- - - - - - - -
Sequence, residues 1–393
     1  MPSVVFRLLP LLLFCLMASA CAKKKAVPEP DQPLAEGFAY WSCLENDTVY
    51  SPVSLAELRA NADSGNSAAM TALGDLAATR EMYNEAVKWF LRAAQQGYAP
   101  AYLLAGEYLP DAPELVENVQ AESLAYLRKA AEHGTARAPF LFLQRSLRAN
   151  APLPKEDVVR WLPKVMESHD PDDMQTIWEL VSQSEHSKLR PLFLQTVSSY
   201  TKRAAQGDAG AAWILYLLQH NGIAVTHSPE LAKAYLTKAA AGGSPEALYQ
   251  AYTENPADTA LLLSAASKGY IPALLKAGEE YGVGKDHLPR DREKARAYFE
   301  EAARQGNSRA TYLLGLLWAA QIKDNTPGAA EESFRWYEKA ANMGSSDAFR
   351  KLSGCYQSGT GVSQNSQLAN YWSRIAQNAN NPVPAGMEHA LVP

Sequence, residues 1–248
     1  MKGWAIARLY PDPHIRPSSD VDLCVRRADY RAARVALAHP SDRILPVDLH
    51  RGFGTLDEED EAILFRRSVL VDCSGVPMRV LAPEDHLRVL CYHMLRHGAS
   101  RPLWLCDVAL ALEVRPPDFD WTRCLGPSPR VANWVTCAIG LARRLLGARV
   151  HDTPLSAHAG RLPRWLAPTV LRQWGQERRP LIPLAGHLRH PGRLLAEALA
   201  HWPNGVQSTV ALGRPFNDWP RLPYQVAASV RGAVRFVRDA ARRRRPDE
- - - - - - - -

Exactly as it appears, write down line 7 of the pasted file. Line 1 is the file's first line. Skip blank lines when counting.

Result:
   251  AYTENPADTA LLLSAASKGY IPALLKAGEE YGVGKDHLPR DREKARAYFE